ARTICLE 19 underlines that digital, media, and information literacy is intrinsically linked to the right to freedom of expression. Where people are equipped with these skills, they can critically assess news, information, and all forms of media content, enabling them to participate in the public exchange of news and ideas.
We believe these skills act as a remedy for disinformation, hate speech, unfair content moderation, and poor transparency. In times of crisis – such as Russia’s invasion of Ukraine – is it even more essential for people to be able to evaluate the type of information they receive, and how this impacts their lives and their physical safety.
It is crucial that an understanding of the key principles and international standards related to the right to freedom of expression and media freedom is part of digital, media, and information literacy. This enables people to be better equipped to demand their media is protected, remains independent, and ultimately reflects diverse voices. This must go hand-in-hand with the creation, by States, of an enabling environment for the right to freedom of expression and media freedom.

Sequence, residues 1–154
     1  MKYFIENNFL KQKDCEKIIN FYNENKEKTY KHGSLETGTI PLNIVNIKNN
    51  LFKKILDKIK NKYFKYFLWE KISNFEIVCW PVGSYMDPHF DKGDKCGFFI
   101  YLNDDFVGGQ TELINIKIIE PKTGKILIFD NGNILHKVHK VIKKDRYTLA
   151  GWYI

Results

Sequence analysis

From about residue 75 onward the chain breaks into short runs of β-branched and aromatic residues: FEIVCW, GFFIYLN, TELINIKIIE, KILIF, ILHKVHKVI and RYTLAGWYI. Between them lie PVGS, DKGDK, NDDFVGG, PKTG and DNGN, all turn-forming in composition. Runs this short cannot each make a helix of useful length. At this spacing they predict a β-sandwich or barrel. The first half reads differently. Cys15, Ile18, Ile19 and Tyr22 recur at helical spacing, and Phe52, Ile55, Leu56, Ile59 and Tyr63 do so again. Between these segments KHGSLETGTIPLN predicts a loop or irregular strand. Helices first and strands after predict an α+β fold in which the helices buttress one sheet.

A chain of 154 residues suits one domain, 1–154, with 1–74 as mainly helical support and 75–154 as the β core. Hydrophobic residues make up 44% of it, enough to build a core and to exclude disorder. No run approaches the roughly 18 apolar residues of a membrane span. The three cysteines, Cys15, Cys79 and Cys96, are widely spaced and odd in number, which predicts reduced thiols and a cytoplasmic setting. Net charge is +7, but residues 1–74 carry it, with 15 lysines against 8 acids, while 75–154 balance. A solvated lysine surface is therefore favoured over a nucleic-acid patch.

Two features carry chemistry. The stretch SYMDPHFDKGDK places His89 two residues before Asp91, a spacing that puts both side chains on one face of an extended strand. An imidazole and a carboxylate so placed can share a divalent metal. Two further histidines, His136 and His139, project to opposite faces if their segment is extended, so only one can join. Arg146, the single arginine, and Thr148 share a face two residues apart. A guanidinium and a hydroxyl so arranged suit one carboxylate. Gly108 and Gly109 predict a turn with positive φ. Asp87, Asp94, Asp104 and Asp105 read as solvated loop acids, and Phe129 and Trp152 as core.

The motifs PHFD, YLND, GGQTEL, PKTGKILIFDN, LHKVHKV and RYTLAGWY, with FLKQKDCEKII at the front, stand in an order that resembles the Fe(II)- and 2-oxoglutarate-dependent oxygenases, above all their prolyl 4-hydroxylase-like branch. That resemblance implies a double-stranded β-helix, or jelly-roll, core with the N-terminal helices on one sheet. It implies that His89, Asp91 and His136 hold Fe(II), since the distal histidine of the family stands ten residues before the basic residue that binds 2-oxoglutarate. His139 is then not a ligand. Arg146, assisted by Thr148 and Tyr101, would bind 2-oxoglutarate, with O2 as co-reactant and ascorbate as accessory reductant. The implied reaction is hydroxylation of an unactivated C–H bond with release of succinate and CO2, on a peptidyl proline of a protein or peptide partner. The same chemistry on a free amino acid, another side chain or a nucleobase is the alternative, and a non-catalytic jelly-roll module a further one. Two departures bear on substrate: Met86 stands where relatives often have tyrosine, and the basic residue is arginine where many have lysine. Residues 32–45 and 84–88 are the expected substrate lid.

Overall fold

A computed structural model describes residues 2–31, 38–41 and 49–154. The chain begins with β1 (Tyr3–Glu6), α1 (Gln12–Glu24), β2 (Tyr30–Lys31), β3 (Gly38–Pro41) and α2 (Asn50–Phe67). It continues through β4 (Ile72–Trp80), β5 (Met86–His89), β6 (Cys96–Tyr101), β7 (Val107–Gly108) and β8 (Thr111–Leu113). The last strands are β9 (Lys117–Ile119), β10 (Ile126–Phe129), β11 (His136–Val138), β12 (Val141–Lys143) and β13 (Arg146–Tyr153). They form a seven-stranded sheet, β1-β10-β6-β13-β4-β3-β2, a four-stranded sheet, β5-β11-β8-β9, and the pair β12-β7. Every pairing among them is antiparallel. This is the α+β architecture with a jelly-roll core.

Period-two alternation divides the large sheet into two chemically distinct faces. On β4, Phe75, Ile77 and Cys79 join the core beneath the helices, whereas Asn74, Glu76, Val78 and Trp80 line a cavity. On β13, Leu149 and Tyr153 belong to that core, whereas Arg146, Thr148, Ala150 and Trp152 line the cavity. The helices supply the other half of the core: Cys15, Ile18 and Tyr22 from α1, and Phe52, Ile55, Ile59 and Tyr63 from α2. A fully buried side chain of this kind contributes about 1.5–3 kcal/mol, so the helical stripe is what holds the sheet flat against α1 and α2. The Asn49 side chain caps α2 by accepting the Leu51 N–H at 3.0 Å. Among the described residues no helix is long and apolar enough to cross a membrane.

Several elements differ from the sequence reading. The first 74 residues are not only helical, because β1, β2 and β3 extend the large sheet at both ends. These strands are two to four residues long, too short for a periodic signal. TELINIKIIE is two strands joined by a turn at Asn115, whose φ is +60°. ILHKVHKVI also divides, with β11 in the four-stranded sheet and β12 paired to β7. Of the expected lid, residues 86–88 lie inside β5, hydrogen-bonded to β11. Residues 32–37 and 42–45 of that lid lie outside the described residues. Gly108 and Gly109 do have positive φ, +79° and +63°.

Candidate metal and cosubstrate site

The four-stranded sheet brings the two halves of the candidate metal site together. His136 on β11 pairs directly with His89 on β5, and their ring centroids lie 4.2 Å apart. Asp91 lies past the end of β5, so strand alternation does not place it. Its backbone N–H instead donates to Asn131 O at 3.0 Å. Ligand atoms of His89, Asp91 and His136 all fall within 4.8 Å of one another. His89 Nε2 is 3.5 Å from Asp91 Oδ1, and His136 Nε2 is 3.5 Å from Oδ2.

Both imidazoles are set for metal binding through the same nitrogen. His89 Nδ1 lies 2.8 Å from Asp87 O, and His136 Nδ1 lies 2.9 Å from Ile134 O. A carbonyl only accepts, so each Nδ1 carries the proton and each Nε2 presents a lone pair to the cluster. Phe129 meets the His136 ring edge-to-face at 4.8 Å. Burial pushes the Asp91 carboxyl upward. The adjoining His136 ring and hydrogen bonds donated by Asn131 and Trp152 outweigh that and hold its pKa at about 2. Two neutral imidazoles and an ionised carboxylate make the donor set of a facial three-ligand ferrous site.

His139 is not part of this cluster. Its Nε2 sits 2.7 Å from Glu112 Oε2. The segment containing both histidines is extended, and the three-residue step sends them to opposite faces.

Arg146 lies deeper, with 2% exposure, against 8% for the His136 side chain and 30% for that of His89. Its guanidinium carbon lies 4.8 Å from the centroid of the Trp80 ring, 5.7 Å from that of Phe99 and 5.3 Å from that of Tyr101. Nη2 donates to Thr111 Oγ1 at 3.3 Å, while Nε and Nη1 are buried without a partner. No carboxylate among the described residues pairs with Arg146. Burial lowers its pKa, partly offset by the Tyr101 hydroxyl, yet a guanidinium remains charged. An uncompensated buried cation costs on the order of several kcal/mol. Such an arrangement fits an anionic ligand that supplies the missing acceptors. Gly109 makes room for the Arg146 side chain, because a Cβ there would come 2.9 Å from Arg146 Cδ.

At the same time, digital, media, and information literacy should highlight the role of journalists and media workers as watchdogs of public interest information. Worldwide, journalists and media workers play a critical role in facilitating the free flow of information and bringing human rights violations and corruption to light. However, there is a trend of low trust in the media, coupled with growing attacks against and harassment of journalists, which can be reconnected with low levels of digital, media, and information literacy, among other factors.
We call on all States to include digital, media, and information literacy in educational programmes and in life-long learning initiatives, including knowledge on the key principles and international standards related to the right to freedom of expression and media freedom.
We welcome the resolution on freedom of opinion and expression that mandated this discussion today, and encourage the Human Rights Council to continue to focus more on the issue of digital, media, and information literacy.